At Home With Nature

Food: Cauliflower and Mushroom Sauté

Last night as dinner time approached, I looked in the fridge. Nothing to eat, or so it seemed. I looked in the cupboard. I considered cooking a box of (gluten free) pasta and tossing in some vegetables. But pasta, when it’s a fallback and not an excitement, is never a good thing. For me, eating pasta in these moments leaves me feeling unsatisfied and kind of like a cheat.

As Chad and I wait for our garden plants to get bigger and produce vegetables, we are trying to make do with what we have in the cupboard along with a few purchases from the local grocery and the edible weeds in the yard. I looked in the fridge again – cauliflower. I looked in the cupboard. What was behind those containers of seaweed? Dried mushrooms. Chanterelles, no less. Hmm.

I thought about it. I figured I would give it a try.

I soaked the mushrooms – about two cups – in some water while I worked on the head of cauliflower. I unwrapped it from its plastic, rinsed it under the tap, and placed it on the cutting board. I chopped it into smallish pieces (including the stalk and the leaves), poured a little oil into a pan, turned the stove to medium, added the cauliflower, and put a lid on the pan.

I considered whether or not I should cook pasta with this meal. I decided not to.

By the time the cauliflower was starting to get slightly tender, the mushrooms had re-hydrated enough for my purposes. I took my colander, put it over a bowl (to catch the soaking liquid) and then drained the mushrooms but did not pat them dry. I threw the mushrooms in with the cauliflower and covered the pan again. I decided the moisture from the wet mushrooms would help balance out the dry cauliflower and create some steam in the pan.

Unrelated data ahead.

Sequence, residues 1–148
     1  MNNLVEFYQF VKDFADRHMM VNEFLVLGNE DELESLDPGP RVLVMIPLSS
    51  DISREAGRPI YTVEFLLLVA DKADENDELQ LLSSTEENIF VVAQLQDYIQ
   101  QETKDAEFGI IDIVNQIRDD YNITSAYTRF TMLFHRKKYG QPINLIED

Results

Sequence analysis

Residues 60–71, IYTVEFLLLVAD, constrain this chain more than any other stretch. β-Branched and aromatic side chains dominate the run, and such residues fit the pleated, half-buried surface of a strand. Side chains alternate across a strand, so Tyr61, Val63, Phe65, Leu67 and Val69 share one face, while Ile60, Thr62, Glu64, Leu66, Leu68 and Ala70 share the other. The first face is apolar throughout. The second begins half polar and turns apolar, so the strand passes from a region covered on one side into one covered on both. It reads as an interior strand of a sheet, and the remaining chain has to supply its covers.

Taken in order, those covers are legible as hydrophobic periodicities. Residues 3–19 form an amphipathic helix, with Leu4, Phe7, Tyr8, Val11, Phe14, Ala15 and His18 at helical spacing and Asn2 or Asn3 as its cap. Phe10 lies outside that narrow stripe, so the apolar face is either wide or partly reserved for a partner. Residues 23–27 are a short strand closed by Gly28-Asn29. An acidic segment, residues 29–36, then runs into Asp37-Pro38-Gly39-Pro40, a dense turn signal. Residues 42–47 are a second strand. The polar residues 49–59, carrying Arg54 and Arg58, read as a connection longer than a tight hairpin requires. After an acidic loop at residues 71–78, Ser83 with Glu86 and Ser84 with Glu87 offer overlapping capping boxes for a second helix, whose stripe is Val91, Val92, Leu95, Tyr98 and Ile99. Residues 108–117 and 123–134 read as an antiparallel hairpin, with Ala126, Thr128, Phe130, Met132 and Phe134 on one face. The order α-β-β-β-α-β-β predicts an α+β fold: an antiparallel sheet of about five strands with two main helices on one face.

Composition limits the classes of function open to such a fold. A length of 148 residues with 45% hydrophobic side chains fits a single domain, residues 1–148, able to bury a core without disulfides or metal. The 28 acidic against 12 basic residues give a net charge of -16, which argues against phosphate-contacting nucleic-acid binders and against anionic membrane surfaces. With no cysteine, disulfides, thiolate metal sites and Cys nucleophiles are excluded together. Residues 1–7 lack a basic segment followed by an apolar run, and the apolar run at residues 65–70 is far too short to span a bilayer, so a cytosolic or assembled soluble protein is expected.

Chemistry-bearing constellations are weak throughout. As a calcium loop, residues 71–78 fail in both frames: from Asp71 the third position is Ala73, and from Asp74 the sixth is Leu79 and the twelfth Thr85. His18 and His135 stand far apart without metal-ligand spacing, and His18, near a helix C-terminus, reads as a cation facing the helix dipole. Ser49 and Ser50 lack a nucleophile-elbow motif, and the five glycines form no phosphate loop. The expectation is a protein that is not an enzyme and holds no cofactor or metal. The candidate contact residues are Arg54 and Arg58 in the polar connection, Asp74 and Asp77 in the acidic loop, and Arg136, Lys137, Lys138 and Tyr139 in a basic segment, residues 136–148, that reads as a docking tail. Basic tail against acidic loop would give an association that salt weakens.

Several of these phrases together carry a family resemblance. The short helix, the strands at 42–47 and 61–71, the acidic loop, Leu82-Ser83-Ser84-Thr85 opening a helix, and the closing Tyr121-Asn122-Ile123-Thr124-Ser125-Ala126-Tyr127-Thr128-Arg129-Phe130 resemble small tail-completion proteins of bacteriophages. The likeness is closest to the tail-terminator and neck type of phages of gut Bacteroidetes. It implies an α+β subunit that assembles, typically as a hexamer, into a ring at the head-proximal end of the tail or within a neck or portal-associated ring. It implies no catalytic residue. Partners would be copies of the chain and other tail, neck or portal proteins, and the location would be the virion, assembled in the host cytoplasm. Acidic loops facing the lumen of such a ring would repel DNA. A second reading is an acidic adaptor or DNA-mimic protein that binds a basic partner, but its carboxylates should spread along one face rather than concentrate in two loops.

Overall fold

I fished a couple of cloves of garlic out of the garlic basket, peeled them, and sliced them. Then I threw the sliced garlic into the pan. Lately, I have been moving away from the traditional method of heating the garlic in oil before cooking the other ingredients, preferring the more subtle taste and soft texture of garlic that is gently steam-sautéed rather than fried.

When I heard the ingredients start to sizzle, I opened the lid and added some of the mushroom soaking liquid. After a few minutes, I added a bit more, then a pinch of sea salt.

I was not expecting much from this meal.

Cauliflower is one of those vegetables that is easy to do wrong. It’s often just a boring, steamed side dish to a more exciting centerpiece. But when you do it right? Oh, baby. Sauteed in a little olive oil with chanterelle mushrooms and garlic, it was actually sublime.

Meals like this remind me that you don’t have to have a serving of grains to make a meal satisfying. And that for most of us, there’s probably never really “nothing” in the fridge.

Cauliflower with chanterelle mushrooms and garlic. Plain yogurt or sour cream on top is optional.

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